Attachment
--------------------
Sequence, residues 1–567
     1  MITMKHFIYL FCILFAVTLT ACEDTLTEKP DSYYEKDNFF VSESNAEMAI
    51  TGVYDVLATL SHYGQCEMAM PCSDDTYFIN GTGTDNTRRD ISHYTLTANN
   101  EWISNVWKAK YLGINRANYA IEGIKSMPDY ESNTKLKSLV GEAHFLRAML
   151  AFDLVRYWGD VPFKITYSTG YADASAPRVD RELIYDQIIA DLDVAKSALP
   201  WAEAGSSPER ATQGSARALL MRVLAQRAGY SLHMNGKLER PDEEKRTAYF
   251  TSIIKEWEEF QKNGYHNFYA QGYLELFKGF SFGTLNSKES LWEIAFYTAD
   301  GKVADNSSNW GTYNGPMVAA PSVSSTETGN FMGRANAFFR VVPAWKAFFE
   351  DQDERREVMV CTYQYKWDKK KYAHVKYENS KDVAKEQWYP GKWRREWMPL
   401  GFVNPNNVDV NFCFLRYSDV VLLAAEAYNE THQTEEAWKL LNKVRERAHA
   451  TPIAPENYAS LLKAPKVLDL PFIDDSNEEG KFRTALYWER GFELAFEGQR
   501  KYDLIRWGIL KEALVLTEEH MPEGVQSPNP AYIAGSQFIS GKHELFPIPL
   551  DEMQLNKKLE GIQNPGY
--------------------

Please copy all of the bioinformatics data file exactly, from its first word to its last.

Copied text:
Sequence, residues 1–567
     1  MITMKHFIYL FCILFAVTLT ACEDTLTEKP DSYYEKDNFF VSESNAEMAI
    51  TGVYDVLATL SHYGQCEMAM PCSDDTYFIN GTGTDNTRRD ISHYTLTANN
   101  EWISNVWKAK YLGINRANYA IEGIKSMPDY ESNTKLKSLV GEAHFLRAML
   151  AFDLVRYWGD VPFKITYSTG YADASAPRVD RELIYDQIIA DLDVAKSALP
   201  WAEAGSSPER ATQGSARALL MRVLAQRAGY SLHMNGKLER PDEEKRTAYF
   251  TSIIKEWEEF QKNGYHNFYA QGYLELFKGF SFGTLNSKES LWEIAFYTAD
   301  GKVADNSSNW GTYNGPMVAA PSVSSTETGN FMGRANAFFR VVPAWKAFFE
   351  DQDERREVMV CTYQYKWDKK KYAHVKYENS KDVAKEQWYP GKWRREWMPL
   401  GFVNPNNVDV NFCFLRYSDV VLLAAEAYNE THQTEEAWKL LNKVRERAHA
   451  TPIAPENYAS LLKAPKVLDL PFIDDSNEEG KFRTALYWER GFELAFEGQR
   501  KYDLIRWGIL KEALVLTEEH MPEGVQSPNP AYIAGSQFIS GKHELFPIPL
   551  DEMQLNKKLE GIQNPGY